A. We know that baptism of desire or of blood will save us when it is impossible to receive the baptism of water, from Holy Scripture, which teaches that love of God and perfect contrition can secure the remission of sins ; and also that Our Lord promises salvation to those who lay down their life for His sake or for His teaching.

From 'A Tour of the Summa' 

1. In the sacrament of baptism, we consider three things:(a) that which is sacrament only, that is, the sacrament assign; the water used in baptizing; the washing; (b) that which is reality only, that is, inward grace;justification; (c) that which is reality and sacrament, that is, the sacramental character impressed by baptism on the soul of the person baptized.

11. The sacrament of baptism is baptism conferred with water. The effects of the sacrament, except for the imprinting of the character, may be produced in a soul in two other ways. A person unbaptized who sheds his blood for Christ is said to have the baptism of blood. A person unable to receive baptism(because he knows nothing of it, or because his efforts to obtain it are unavailing) may be conformed to Christ by love and contrition, and thus is said to have baptism of desire. Baptism of blood and baptism of desire take away sin and give grace. But they do not imprint the sacramental character on the soul. Hence they are not truly the sacrament of baptism. Therefore, a survivor of bloody torture endured for Christ, and one whose desire for baptism is no longer thwarted, are to be baptized with water.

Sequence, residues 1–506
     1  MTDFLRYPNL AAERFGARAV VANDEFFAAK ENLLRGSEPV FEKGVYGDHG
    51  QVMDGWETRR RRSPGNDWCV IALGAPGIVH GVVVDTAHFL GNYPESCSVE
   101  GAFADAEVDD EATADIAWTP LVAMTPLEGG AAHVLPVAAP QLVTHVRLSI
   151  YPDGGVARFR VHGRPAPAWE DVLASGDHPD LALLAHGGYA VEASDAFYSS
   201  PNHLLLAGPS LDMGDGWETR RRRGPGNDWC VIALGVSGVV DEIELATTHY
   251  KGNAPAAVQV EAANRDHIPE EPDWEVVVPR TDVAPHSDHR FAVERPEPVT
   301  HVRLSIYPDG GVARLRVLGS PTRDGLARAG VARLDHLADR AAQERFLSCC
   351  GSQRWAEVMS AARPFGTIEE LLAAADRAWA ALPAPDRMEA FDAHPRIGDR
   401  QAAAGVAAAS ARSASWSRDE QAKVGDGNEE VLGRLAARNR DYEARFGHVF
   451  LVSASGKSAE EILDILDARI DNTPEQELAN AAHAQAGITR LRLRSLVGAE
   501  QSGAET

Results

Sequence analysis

12. Baptism of blood is most excellent in its sacramental effects, for bloody suffering brings a man who has charity in to union with Christ's Passion from which baptism has its efficacy. Still, it does not impress the sacramental character.

From the Summa Theologica III, Article II

I answer that, The sacrament or Baptism may be wanting to someone in two ways. First, both in reality and in desire; as is the case with those who neither are baptized, nor wished to be baptized: which clearly indicates contempt of the sacrament, in regard to those who have the use of the free-will. Consequently those to whom Baptism is wanting thus, cannot obtain salvation: since neither sacramentally nor mentally are they incorporated in Christ, through Whom alone can salvation be obtained.

Secondly, the sacrament of Baptism may be wanting to anyone in reality but not in desire: for instance, when a man wishes to be baptized, but by some ill-chance he is forestalled by death before receiving Baptism. And such a man can obtain salvation without being actually baptized, on account of his desire for Baptism, which desire is the outcome of "faith that worketh by charity," whereby God, Whose power is not tied to visible sacraments, sanctifies man inwardly. Hence Ambrose says of Valentinian, who died while yet a catechumen: "I lost him whom I was to regenerate: but he did not lose the grace he prayed for."